Level-5, along with the help of a few other studios, have been rolling out occasional installments to their Guild series. Originally released as a compilation for the 3DS, Guild01 included four distinctly different titles with by various designers including Goichi “Suda 51” Suda and, in the case of Weapon Shop de Omasse, Japanese comedia Yoshiyuki Hirai. How does the comedian’s fantasy rhythm game stand though? Is it a legendary weapon or hot slag?
You are Yuhan. You work as an apprentice in your father’s weapon shop inside a role playing game. Adventurers from all over come to your shop looking for weapons to aid them on their quests, from low-level newbies wanting to gain a couple levels to highly skilled warriors seeking to stop the Evil Lord’s return. With a little guidance from your father and a little rhythm, you’ll have to forge and upgrade weapons, matching your wares to the needs of the adventuring patrons that stop by your shop.
Weapon Shop de Omasse is the sort of game you can quickly pick up and enjoy with minimal introduction. It’s mechanics are fun and interesting, but your clients will make or break your business.
Weapon Shop de Omasse‘s setting is one that few games explore. Set within the world of an RPG, you’re the blacksmith who sells adventurers their gear. The quality of your work, as well as your eye for delivering the right product to the customer that needs it will define you. It’s not a completely new concept, but it’s ground that’s rarely trodden, establishing a fun setting and story.
With each new client you get into the shop, you’ll discuss their planned quest, getting details on the sort of weapons they prefer and what they’re looking to do with them. These can range from your nameless level 1 newbie looking to grind out a few experience points, to a Frenchman trying to become his favorite television heroes, to the perceived hero who may one day stop the coming of the Evil Lord. There are some fun, memorable characters you’ll encounter through the course of the game that help deliver a lasting sense of personality.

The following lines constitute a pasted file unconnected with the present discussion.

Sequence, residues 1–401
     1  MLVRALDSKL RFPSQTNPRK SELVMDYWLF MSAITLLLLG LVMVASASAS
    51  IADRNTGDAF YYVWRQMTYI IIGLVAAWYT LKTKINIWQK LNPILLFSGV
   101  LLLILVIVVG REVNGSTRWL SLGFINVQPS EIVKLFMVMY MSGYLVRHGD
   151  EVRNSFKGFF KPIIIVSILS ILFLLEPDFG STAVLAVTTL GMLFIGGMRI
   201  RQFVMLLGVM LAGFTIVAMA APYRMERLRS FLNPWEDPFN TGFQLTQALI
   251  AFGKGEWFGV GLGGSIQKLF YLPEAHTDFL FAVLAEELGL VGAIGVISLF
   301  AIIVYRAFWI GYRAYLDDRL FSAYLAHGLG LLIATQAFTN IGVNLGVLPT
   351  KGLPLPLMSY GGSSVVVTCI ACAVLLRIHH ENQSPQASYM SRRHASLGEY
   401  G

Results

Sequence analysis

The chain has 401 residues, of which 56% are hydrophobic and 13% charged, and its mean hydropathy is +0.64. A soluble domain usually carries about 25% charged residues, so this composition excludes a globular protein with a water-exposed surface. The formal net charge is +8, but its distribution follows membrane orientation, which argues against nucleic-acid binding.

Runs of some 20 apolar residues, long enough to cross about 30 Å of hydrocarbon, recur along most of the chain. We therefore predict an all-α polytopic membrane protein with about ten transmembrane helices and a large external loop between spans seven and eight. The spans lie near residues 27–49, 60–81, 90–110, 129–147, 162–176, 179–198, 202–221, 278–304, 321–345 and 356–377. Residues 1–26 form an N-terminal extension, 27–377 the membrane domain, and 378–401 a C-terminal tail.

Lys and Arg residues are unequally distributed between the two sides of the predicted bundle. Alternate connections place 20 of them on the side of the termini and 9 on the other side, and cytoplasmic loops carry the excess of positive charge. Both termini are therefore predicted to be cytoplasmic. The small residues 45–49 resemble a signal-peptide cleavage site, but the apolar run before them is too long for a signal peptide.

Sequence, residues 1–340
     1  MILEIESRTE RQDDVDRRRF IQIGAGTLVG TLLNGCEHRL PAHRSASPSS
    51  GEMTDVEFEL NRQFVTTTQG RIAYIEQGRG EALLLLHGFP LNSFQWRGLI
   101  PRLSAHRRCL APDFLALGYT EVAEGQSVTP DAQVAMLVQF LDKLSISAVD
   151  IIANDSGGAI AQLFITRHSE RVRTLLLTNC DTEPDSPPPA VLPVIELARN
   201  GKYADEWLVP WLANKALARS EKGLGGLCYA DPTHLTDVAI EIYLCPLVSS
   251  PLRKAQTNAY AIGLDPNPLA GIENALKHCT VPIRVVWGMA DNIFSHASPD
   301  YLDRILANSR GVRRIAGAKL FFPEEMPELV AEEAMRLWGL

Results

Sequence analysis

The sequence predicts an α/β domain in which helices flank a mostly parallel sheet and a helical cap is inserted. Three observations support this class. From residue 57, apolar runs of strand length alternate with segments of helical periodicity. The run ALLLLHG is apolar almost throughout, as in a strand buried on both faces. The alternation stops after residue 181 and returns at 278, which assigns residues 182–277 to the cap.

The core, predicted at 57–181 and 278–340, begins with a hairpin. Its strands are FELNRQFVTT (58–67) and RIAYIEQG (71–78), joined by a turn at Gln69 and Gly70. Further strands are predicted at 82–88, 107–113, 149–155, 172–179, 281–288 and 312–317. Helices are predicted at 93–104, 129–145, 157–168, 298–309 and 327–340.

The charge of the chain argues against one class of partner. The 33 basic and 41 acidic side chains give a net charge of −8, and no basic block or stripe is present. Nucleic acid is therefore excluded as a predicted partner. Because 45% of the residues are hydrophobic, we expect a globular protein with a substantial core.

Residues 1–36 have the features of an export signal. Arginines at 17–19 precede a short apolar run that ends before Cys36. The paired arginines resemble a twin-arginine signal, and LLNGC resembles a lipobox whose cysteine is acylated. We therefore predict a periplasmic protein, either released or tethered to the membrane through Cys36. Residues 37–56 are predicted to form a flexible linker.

Once you’ve finished talking with the customers and getting their orders, the real work (and meat of the game) begins. You have a variety of weapon types and models at your disposal to build. You’ll need to either make a new weapon by request for the adventurer’s order or rent out a weapon already in your inventory that meets their needs.
Making new weapons is both fun and rewarding. You’re shown an outline of the weapon you need to create, then a hot slab of metal is placed on your workbench. Music starts to play, and beats are dropped – first, to show you what to match, and second for you to actually hammer. Using your stylus, you’ll tap away at the metal, working it into the form you need. You can shift it around or flip it over, but hammering away at the same spot over and over will yield no results. You also have to remember to keep the metal at the right temperature! Too hot or too cool and you’ll fail to properly shape the metal into a usable weapon. The better you perform in time with the music, the better the final weapon will be. It can feel a little overwhelming at times, especially when the beats get more chaotic, but it’s fun to tap along to the beat and seeing the final result is satisfying.
Beyond simply making weapons, there are a few other things you’ll need to keep in mind. As a rental shop, you want adventurers to return your gear (and a rental fee) to you. If the weapons you give them break or fail to meet their needs, the rental is free of charge and you’ll have lost the weapon. When adventurers successfully return your goods, you can polish them. This gives them a nice shimmer while improving their stats, leveling it up for the adventurers needing stronger weaponry.
As the game progresses, adventurers will also bring you materials to use in your crafting. These can give the weapons special properties. If you run out, you can order more for a fee, and thus the cycle continues as the adventurers get stronger.
One of the most entertaining aspects of the entire game comes in the form of a Twitter-like mechanism you build into each weapon. Known as the “Grindcast,” each arm you send out the door relays short updates on the status of the quests adventurers are on. These provide an array of humorous updates throughout the course of every quest your weapons are part of, giving you some deeper insight into the adventurers and providing a fun way to monitor the world outside your shop.
Visuals & Audio
Weapon Shop de Omasse‘s visuals are nothing particularly spectacular. Character models are relatively simple with a low polygon count. The skins on those models, however, are bright and colorful, evoking a sense of anime in the art direction. Everything else feels appropriate to the setting. Weapon models look great as well.
The music in Weapon Shop de Omasse is excellent. On top of tapping the stylus along with the beat to make weapons, you’ll find yourself tapping your foot even when there’s no smithing to be done. Beyond that, the laugh track can feel a little overused, but it helps give the game the feeling of a sitcom.
Overall, Weapon Shop de Omasse is a fun, interesting rhythm game with some neat shop management mechanics built in. The characters are boisterous and memorable, and seeing their adventures through the “Grindcast” system is a hoot. If you enjoy classic JRPGs and rhythm games, Weapon Shop de Omasse is a humorous, toe-tapping fantasy adventure you’ll enjoy hammering out some time with.
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